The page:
A Song of Light and Shadow

I can confidently say that From the New World might be the single most underrated anime I’ve watched. And unlike with other underrated anime, I can easily see why. How do you sell this anime to anyone without spoiling details and hence ruining their viewing experience? This is a general problem with most mystery fiction, but particularly so here. How do I go about writing this review?

In fact, if one has already decided to watch it, I would advise against reading any further. This anime is best enjoyed completely blind.

In From the New World, psychokinetic powers started to appear in human beings in the year 2011. The story is set over 1000 years after that, in a future Japan, where psychokinetic powers are the norm. We follow a group of children studying at a specialised academy for psychics. The story spans many years, starting with the characters as young kids, progressing onward through their teenage years, and eventually adulthood.

The future looks bright.

A lot of thought went into the setting. It is similar enough to our own world to be familiar (after all, it is our own world), yet the numerous differences are plain to see. Some of these differences are simply small details that make sense when given thought, such as the fact that no one seems to use many modern technologies (psychic abilities make them irrelevant). Others are interesting oddities, such as the unique flora and fauna that have evolved in the intervening time. And the least obvious of them are downright unsettling when given more thought. Why are these future human settlements so small? Where are all the cities and skyscrapers of today’s Japan? Why are there seemingly few people?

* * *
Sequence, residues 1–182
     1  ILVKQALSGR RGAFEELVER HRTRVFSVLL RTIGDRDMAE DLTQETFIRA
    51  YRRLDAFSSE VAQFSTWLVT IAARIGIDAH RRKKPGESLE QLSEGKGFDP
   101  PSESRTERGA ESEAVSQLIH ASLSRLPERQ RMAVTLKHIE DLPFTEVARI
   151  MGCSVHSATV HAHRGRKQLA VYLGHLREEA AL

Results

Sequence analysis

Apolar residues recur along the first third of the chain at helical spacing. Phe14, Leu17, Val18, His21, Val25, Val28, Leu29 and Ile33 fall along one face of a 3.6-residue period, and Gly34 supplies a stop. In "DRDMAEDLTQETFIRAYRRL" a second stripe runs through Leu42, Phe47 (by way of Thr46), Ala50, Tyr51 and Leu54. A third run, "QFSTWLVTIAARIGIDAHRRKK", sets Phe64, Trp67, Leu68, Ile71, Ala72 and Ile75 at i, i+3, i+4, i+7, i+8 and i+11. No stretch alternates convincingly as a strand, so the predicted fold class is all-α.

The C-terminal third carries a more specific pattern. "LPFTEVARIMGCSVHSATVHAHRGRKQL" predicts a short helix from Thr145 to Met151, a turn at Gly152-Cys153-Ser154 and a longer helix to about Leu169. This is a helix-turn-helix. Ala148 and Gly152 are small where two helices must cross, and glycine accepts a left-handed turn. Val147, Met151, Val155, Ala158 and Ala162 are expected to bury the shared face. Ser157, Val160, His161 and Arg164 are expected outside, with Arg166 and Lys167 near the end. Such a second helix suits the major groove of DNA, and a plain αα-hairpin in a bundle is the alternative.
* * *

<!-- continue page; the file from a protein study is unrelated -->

A waterwheel. In 3011 AD.

From the New World puts us alongside this group of children as they uncover more and more secrets about their world. What starts off as campfire horror tales the kids narrate to each other slowly begins to reveal itself as something bigger. The chilling intro to episode 1 is but a small indicator of what is to come. There are layers upon layers. This anime is extremely careful and methodical about how it reveals the secrets of its world.

It is a bit too careful, in my opinion. There is almost a sense of hesitance when it comes to revealing lore. Is it okay to tell the audience or not, it repeatedly asks. Many events or concepts are not even explicitly shown or spelled out, leaving it to the audience to piece two and two together (if even possible). Post-timeskip changes can at times be baffling. Expect to rewind and rewatch scenes multiple times.

There is also plenty of omitted lore that I would have loved to see. Such a missed opportunity. A few OVA episodes dedicated to expanding upon the world and its history wouldn’t have hurt.

The main cast, huddled around a campfire.

Both of these problems likely stem from the fact that the source novel is a 1000-plus page doorstopper, and the adaptation had to leave out several details expanded upon in the novel. This contributes to another issue: lack of coherence between story threads early on. None of the early plot threads are at all boring. These are important parts of the novel. But since the anime has a lot less runtime with which to connect these threads, to more smoothly weave them together, the transitions between individual plot threads can feel a little rushed. This makes the plot feel like it is being handed out in chunks, rather than neatly folded in together.